Acqua Felice – Mosè Fountain
Built between 1586 and 1589, the Mosè fountain was designed by Domenico Fontana, by the wish of Pope Sisto V Peretti (1585-1590), as the terminus of the Felice aqueduct to bring water in the Quirinal and Viminale areas, as part of the extensive urban renewal plan of the Pontiff. The fountain was inaugurated after the first phase of the works, concluded on a provisional basis in 1587 – the date mentioned in the epigraph of the cornice.
Open questions concern the participation to the works of Giovanni Fontana (1540-1614), brother of Domenico, the Pope’s architect, and the attribution of the sculptural pieces to various Sistine artists that took part in the works. The Mosè statue, realized by Prospero Antichi and Leonardo Sormani, was the first one to be placed, in May 1588. The final marble version of the relief on the left depicting Aronne che guida il popolo ebreo a dissetarsi was realized by Giovanni Battista della Porta, whilst Pietro Paolo Olivieri and Flaminio Vacca worked between 1588 and 1589 on the relief on the right, depicting Giosuè che guida i soldati verso il Mar Rosso. As all Sistine realizations, the fountain is made mostly with reclaimed materials, as well as high-quality ones. The original Egyptian lions were replaced by four new ones in Bardiglio marble during the restoration of 1850-1851, directed by sculptor Adamo Tadolini. The cliffs of the niches are realized in precious Cipollino marble, while the panels are in stucco.
The fountain in Piazzale degli Eroi was constructed in 1949 as a temporary fountain of the aqueduct of Peschiera, despite the economic restrictions of the post war period. The construction of the aqueduct, which had already been planned since the junta Nathan (1907-1913) to strengthen the water supply of the city, lasted more than forty years because of the war. In 1948, the water of Peschiera from the Rieti region sources finally arrived in Rome. On that occasion, the Municipal Council proposed to celebrate the event in Piazzale degli Eroi with a special tag also in memory of the fallen technicians and workers. From 1949, in a short amount of time, the proposal of a fountain became reality, realized by ACEA technician Giuseppe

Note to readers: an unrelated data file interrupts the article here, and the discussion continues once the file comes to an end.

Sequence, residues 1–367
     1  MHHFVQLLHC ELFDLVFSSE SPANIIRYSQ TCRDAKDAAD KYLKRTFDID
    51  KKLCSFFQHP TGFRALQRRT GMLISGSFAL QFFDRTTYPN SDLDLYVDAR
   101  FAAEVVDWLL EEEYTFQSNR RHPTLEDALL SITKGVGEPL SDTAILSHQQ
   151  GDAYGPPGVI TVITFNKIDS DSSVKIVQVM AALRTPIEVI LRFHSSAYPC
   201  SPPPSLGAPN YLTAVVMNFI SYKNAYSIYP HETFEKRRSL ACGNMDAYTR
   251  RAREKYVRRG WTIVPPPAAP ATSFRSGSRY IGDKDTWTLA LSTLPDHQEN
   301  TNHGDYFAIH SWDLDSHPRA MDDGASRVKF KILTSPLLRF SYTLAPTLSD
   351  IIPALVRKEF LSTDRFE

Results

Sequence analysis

Primieri on the model of the ancient one. Inspired by the first version of the Najadi fountain – Acqua Pia
Marcia fountain – this fountain features a large circular basin with an octagonal mixtilinear structure crowned by a centrally poly-lobed tank, surmounted by a smaller tank. The monumental effect was granted, rather than by the architectonical decorations, by the play of water: a very high central water gush crowned by lower gushes in the superior basin, large water jets that pass from the superior tanks to the lower ones, ‘veil’ effect waterfalls in the four small semi-circular tanks and water sprinkles from the niches decorated as valve shells. The fountain was activated on October 27, 1949, at the presence of The President of the Italian Republic Luigi Einaudi, with a ceremony inspired to the traditional inaugurations of the Roman aqueducts, as witnessed in the image of the President drinking water from the Peschiera fountain with the same glass used eighty years before by Pio IX for the temporary Acqua Pia Marcia fountain.
Nuova Acqua Vergine Fountain at Pincio
The fountain-nymph, installed as the fountain of the new Acquedotto Vergine, overlooks Piazza del Popolo from the Pincio hill, whose famous panoramic terrace is sustained by the three large arches of the loggia that hosts the fountain.
The first idea of a loggia crowning the lift from Piazza del Popolo to the Pincio garden was presented by French architect Louis-Martin Berthault for the projects of the Passeggiata del Pincio in 1813, during the dominion of Napoleon over the Papal State (1809-14). With the fall of the French government in 1814 and the return of the Pope, the works were set up with new economic criteria and were entrusted to Giuseppe Valadier. The construction of the final loggia was concluded in 1834 to complete the systemization works of the hill’s prospect with the new road that connected Trinità dei Monti with the below Piazza del Popolo. Starting from the 1930s, the Governorate started the realization works of the new Vergine aqueduct, for the benefit of the areas under construction of Prati di Castello, Valle dell’Inferno, Piazza d’Armi and Flaminio.
In 1936, it was decided to realize the fountain, under the Pincio loggia, to complete the new part of the aqueduct, designed by architect Raffaele de Vico.
On this occasion, the equestrian monument of Vittorio Emanuele II – positioned there in 1877 – was moved to the current site, in the garden of the Historical Museum of Infantry, providing the overall appearance that we can still appreciate nowadays.